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Airline prosecuted for boarding unauthorised passenger Wednesday, 31 October 2018

A Malaysian-based airline has been prosecuted and fined $9,000 for allowing a passenger to board a flight to New Zealand - despite being told by Immigration New Zealand (INZ) not to do so.

At Manukau District Court today, AirAsia X was fined a total of $9,000 plus court costs after pleading guilty to failing to comply with the airline’s obligations under the Immigration Act 2009. The maximum sentence is a fine of $50,000.

Airlines are required under the legislation to submit passenger data on people intending to board an aircraft travelling to New Zealand. This occurs at the time of check in so that any clearance requirements can be obtained on passengers before they board the airline.

Passenger clearance is obtained through a system known as the Advance Passenger Processing System (APP). Once the data is entered by the airline handling agent, it is sent to the APP system which is linked to INZ’s database. A message is automatically generated advising whether the passenger is permitted to board or not, whether contact with INZ is required, or whether there are any conditions of boarding.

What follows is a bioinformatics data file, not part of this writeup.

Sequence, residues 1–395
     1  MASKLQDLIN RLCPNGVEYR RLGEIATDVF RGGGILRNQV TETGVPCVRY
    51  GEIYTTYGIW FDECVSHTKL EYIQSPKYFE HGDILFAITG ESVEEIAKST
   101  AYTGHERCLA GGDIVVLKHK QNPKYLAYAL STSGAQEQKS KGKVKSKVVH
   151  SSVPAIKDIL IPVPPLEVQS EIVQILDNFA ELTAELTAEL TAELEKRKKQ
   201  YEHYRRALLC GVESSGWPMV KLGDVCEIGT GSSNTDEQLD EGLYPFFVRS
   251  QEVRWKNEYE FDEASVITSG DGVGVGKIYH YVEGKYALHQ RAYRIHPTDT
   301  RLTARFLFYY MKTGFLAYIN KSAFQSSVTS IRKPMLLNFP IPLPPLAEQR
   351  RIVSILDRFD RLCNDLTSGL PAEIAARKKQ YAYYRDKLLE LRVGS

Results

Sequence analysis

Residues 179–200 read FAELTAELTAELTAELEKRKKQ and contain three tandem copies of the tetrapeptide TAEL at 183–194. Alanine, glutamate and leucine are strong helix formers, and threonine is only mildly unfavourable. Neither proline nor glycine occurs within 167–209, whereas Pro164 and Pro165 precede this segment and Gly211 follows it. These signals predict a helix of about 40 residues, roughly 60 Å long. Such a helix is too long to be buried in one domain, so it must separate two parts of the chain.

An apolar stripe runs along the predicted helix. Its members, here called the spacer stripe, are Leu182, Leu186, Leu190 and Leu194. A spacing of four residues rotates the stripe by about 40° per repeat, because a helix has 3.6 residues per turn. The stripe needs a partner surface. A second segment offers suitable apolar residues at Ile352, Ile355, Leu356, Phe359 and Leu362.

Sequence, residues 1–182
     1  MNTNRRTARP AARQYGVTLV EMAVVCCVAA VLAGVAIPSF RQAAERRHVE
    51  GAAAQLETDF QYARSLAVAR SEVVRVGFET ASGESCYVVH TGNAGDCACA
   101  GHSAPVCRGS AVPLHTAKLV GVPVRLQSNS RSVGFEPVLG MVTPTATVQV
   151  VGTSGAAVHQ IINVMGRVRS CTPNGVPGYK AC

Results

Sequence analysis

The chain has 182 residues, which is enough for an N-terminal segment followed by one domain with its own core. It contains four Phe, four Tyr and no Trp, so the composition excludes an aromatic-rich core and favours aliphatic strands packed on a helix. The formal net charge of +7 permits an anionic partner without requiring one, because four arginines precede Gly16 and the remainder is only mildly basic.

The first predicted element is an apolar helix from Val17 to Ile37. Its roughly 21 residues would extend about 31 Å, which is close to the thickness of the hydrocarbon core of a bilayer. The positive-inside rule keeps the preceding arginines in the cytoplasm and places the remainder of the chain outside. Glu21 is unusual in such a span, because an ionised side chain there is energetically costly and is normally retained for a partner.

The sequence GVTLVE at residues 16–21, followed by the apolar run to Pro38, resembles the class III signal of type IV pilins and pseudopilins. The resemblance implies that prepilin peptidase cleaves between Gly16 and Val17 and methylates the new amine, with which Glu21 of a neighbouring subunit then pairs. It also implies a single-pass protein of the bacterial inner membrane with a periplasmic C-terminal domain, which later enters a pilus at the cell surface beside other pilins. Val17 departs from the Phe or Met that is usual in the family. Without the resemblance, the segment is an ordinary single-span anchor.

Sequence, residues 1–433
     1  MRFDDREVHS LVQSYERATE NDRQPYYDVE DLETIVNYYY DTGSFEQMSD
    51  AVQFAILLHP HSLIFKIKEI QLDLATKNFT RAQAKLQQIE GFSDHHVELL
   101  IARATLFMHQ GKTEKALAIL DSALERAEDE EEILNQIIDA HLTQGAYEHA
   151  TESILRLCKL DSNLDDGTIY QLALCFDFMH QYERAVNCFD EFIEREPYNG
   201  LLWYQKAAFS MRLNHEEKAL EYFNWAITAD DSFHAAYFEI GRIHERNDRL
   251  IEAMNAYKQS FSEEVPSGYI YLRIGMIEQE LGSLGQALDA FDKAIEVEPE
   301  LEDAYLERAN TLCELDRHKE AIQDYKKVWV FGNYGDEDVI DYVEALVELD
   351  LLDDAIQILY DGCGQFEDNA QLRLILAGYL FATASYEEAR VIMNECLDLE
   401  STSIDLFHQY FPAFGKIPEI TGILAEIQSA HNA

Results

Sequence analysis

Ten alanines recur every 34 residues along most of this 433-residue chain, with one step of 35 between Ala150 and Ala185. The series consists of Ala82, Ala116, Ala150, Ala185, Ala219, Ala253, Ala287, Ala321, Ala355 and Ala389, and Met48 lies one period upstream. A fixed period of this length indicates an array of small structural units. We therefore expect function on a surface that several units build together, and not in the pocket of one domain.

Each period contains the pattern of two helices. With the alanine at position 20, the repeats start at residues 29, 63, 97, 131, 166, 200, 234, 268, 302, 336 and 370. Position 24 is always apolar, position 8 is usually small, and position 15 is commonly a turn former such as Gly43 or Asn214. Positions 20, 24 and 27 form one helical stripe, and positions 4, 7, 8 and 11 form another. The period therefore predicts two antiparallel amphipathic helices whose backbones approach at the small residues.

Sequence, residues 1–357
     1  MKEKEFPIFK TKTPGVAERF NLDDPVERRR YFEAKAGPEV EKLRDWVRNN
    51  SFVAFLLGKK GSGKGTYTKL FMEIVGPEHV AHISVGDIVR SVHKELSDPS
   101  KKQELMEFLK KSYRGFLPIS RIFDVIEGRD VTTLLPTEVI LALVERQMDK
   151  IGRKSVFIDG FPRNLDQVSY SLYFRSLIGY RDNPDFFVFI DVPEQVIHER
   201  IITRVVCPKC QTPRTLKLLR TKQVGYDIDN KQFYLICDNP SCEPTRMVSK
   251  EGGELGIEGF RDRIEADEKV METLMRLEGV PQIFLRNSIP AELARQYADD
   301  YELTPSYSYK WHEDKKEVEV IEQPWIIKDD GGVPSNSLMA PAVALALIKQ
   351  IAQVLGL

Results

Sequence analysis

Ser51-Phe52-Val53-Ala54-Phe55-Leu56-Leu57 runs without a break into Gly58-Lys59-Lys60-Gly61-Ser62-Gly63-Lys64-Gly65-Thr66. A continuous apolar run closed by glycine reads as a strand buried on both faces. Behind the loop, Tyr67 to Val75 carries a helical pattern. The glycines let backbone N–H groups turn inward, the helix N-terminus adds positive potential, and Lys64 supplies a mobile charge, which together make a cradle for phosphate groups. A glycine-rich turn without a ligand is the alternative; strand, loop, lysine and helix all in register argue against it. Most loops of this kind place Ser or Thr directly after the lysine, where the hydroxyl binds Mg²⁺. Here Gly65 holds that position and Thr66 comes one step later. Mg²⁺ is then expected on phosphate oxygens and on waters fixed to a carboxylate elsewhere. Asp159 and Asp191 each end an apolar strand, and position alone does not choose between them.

The prosecution involved the case of a Malayisan citizen who attempted to board a flight bound for New Zealand from Kuala Lumpur in  February last year.

INZ’s National Manager, Border, Stephanie Greathead says  that at  the time of check-in, the airline’s handling agent submitted the traveller’s name into the APP system and received a DO NOT BOARD directive.

“The handling agent then made several other attempts to check-in the traveller and then submitted an incomplete name into the APP system, before receiving a directive to “Board with Outward Ticket”.

“AirAsia X then allowed the passenger to board the Kuala Lumpar flight and travel to New Zealand.

“In this case the airline has clearly tried to override the APP system and ignored any do not board directives. This is completely unacceptable and is in clear breach of our border security measures and immigration policies”.

The passenger was refused entry to New Zealand on the day he arrived and was then sent back to Malaysia.

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